“And once they believe it, they will always believe it, even if it’s utterly false.”

However, Sean Hannity said, “We have to give some credit to the American people that they are somewhat intelligent and that they know the difference between an opinion show and a news show. You’re cynical.”

“I am cynical,” said Koppel.

“Do you think we’re bad for America? You think I’m bad for America?”

“Yeah.”

“You do?”

“In the long haul I think you and all these opinion shows –”

“Really? That’s sad, Ted. That’s sad.”

“No, you know why? Because you’re very good at what you do, and because you have attracted a significantly more influential –”

“You are selling the American people short.”

“No, let me finish the sentence before you do that.”

“I’m listening. With all due respect. Take the floor.”

“You have attracted people who are determined that ideology is more important than facts.”

It is, says White House press secretary Sean Spicer, a media landscape that his boss, President Trump, well understands.

“He doesn’t conform to Washington norms or political standards about saying the right thing all the time or conforming to this,” said Spicer. “He understands that he has a direct voice to the American people. He’s got over 100 million-plus people that follow him on different social media channels, when you combine Twitter and Facebook and Instagram.”

Koppel said, “You’ve heard that line that was in the Atlantic: ‘The press takes him literally, but not seriously; his followers take him seriously, but not literally.’ Are we really at a point where we are being told we shouldn’t take the President of the United States literally?”

“No, I think you should take him literally. The president’s very authoritative when he speaks. He wants to be taken literally. And also you have to understand that when you have 140 characters, that somebody trying to look at that and say, ‘This means the following’ is a little bit too much.”

“That’s one good reason for not using Twitter to communicate serious issues,” said Koppel.

“Well, no, but, I think a lot of times folks in the media feel threatened by the fact that he has a direct pipeline to the American people.”

Last fall, after the release of the infamous “Access Hollywood” tape, The New York Times quoted Donald Trump in full, spelling out his obscenities on its front page, seemingly heedless of the paper’s slogan, “All the News That’s Fit to Print.”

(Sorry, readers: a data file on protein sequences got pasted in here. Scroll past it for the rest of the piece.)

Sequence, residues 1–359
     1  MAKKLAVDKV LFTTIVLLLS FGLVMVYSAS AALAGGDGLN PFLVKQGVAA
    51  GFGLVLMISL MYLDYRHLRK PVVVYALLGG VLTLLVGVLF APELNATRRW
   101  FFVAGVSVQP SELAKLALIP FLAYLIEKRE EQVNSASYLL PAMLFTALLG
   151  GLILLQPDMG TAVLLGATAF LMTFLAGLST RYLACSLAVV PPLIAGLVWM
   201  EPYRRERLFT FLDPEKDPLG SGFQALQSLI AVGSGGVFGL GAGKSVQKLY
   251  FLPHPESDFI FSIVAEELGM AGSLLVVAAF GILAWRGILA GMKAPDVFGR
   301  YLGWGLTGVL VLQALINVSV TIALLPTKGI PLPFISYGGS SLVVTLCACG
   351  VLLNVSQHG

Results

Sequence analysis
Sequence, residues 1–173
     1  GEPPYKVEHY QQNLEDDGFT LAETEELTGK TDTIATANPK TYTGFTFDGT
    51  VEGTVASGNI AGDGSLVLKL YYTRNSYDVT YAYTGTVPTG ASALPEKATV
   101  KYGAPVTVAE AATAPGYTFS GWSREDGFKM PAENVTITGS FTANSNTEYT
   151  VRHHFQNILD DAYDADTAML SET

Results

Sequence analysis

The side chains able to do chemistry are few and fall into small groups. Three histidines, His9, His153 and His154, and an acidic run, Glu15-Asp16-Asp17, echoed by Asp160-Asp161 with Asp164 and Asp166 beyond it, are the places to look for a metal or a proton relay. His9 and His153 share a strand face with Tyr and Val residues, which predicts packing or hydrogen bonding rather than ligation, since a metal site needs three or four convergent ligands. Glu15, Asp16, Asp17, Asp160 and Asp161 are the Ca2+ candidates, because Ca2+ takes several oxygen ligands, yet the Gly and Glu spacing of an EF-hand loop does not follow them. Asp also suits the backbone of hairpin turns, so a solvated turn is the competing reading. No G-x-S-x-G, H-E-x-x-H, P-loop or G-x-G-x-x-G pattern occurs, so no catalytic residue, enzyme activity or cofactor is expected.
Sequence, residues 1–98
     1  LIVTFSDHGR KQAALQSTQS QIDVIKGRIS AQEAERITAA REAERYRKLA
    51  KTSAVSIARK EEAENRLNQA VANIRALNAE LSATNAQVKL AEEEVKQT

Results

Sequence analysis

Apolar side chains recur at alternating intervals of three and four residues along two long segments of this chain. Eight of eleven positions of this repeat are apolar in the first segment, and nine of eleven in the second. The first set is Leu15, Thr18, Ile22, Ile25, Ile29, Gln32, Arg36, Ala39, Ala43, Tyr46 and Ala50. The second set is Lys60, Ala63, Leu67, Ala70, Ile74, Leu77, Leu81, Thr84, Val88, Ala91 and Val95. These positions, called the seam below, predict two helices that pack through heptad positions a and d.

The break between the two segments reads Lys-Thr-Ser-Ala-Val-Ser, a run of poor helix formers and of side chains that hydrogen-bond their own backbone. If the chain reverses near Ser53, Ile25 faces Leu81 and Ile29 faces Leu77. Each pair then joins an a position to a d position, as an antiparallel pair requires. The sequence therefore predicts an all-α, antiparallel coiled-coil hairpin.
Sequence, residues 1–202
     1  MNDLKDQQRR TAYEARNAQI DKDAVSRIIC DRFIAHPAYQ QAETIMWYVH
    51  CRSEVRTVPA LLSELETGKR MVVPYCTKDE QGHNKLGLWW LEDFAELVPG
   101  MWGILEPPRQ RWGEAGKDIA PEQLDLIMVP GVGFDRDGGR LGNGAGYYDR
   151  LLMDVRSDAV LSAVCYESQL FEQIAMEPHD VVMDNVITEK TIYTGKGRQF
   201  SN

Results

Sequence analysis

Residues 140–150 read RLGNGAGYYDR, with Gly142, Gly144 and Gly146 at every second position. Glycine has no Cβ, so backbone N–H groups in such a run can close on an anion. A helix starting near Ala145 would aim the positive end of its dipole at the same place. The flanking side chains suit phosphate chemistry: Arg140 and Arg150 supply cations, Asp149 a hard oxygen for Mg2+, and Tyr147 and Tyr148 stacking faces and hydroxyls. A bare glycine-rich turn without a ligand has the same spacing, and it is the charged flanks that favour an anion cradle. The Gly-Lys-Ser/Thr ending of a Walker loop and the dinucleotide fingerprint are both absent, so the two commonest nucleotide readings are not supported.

Dean Baquet, the paper’s executive editor, calls it a clear decision: “It wasn’t even much of a debate, surprisingly,” he said.

“If you’d just put ‘f***,’ that wouldn’t have done it?” Koppel asked.

“That feels coy. I think that there was something about the sentences themselves, the force of it. To have the video with him saying it and then to have ‘f**k’ just felt coy.”

“If I were a Donald Trump supporter, I’d be seething every day. I’d say, ‘These guys are out to do him in. And one way or another, it’s gonna be us or them.’”

“I think my job is to ask hard questions about the largest revolution in government we’ve seen in my lifetime as a journalist,” Baquet said. “Not to attack him, but to ask really hard questions about him, and also to ask hard questions of a completely new cast of government officials who we know very little about. I think if we don’t do that, meaning the press, I don’t think anybody else will.”

“Is there any way that the extraordinarily influential New York Times can help to close the gap, heal the rift?”

“I don’t think it’s my job to heal America,” Baquet replied. “I don’t think that’s part of the life of journalism. Some of what’s happening in the country is healthy. There is an ability now for people to talk to each other. We’re all focused on the people who say nasty things to each other and who say nasty things out loud, but that’s not all that’s going on. Call me a naïve Southerner, but you can’t convince me that this is not a more open, wide world, and that as much as it sort of throws us off our game a little bit, meaning the press, maybe we needed to have ourselves thrown off our game a little bit, you know?”

It needs to be said that our bitter political divide didn’t begin in the Age of Trump. But it has evolved.

Last spring, in June of 2016, a Pew study discovered that 49% of Republicans and 55% of Democrats say they are afraid — yes, afraid — of the other party.

As President Trump might say: “Sad!”

For more info:

The great divide: Politics in the Age of Trump